27/04/2008

Aunts Aren't Gentleman (by P G Wodehouse)

Every so often I read something out of my usual genre of light women's fiction. I was first introduced to PG Wodehouse by my father, when I was a teenager; I've collected several of his books over the years, mostly second-hand, and enjoy them for a bit of light relief, now and then.

I particularly like the series involving the rather gormless (but very good-hearted) young man Bertie Wooster and his valet Jeeves. They're mostly set in London around the turn of the 20th century, and feature the upper-middle and upper classes in a life that's now long gone. Bertie's days revolve around his clubs, his visits to country mansions, and his attempts to help out various friends.

In 'Aunts Aren't Gentlemen', Bertie wakes one day to find spots on his chest. A doctor assures him that they are not serious, but that his lifestyle is driving him to ill health. A repairing lease in the countryside is recommended, so Bertie thinks he might pay a visit to his favourite Aunt, Dahlia. Unfortunately she is about to go away herself; however she suggests he might rent a cottage not far away, in a tranquil village.

Despite first appearances of a soothing country life, Bertie's stay is anything but tranquil. He bumps into Vanessa Cook, a girl whom he once proposed to, but now has no desire to marry; he is threatened by Vanessa's fiancé Orlo Potter; he gets involved in a cat-stealing plot through no fault of his own, and he comes across Major Plank, who thinks Bertie once tried to cheat him out of five pounds.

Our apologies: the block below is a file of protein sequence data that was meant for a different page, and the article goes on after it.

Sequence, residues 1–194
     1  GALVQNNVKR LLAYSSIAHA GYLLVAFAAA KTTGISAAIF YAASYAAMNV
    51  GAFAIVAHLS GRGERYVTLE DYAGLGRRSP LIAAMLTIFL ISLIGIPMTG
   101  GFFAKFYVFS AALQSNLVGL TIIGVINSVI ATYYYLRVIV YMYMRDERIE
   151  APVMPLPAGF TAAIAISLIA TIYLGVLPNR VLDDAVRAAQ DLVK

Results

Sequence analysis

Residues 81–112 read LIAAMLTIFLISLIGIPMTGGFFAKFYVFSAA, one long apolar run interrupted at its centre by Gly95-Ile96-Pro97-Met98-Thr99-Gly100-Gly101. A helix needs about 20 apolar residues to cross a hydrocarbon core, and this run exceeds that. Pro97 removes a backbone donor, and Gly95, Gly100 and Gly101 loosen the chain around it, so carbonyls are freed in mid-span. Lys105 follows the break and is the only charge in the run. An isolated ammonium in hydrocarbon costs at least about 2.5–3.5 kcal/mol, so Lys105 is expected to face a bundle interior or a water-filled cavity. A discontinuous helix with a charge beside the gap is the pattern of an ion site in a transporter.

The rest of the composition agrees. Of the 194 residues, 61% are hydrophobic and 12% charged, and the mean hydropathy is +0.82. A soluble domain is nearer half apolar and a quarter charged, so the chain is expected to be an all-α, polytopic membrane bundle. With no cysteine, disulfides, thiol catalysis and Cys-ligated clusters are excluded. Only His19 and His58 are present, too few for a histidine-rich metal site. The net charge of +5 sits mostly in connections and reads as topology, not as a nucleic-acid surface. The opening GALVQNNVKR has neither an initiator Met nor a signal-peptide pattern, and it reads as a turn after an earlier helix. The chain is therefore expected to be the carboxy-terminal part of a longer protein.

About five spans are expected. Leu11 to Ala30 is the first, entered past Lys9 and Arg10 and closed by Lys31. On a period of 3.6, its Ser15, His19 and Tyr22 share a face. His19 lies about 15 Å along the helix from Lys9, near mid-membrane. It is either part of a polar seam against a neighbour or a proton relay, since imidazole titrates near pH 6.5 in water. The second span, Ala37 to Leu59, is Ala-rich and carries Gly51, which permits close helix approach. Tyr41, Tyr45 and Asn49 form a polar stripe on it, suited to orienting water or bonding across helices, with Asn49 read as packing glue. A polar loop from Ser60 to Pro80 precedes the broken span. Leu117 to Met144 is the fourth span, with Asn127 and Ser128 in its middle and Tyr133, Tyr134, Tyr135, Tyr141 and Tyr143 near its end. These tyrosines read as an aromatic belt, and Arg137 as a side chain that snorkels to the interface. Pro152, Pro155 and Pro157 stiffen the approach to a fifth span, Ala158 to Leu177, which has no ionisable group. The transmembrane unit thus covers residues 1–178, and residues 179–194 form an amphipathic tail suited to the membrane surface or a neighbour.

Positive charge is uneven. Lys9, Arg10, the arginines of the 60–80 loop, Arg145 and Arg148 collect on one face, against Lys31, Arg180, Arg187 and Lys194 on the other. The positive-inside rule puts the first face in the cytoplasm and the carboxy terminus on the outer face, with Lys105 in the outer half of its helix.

The plot is rather complex, with a large number of sub-plots, although naturally it all unravels smoothly at the end. It's punctuated by Wodehouse's uniquely ironic and informal style, peppered with quotations from Jeeves and random thoughts from Bertie, who is - as always - the first person narrator.

I don't laugh aloud with PG Wodehouse when I'm reading it to myself (though I used to, when reading Jeeves books to my sons) but I smiled several times.

However, it's not everybody's cup of tea. If you despise the upper classes, or just don't 'get' the British sense of humour, you probably won't like this. But if you're a fan of Wodehouse, this is a good story; regularly in print, widely available second-hand.

Oh, and if anyone reading from the USA finds the title puzzling, I should add that in British English, 'aunt' and 'aren't' are homonyms - words that sound exactly the same.

Review copyright Sue's Book Reviews, April 2008

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